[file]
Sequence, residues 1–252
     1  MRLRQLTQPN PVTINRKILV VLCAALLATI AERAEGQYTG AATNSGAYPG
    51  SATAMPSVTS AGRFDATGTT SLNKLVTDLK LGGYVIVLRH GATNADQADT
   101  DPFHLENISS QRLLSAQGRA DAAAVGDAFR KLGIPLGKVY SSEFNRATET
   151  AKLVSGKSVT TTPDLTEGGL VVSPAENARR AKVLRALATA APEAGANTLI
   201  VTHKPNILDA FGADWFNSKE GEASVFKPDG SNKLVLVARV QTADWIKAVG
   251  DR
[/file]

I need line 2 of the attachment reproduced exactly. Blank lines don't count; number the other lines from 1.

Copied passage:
     1  MRLRQLTQPN PVTINRKILV VLCAALLATI AERAEGQYTG AATNSGAYPG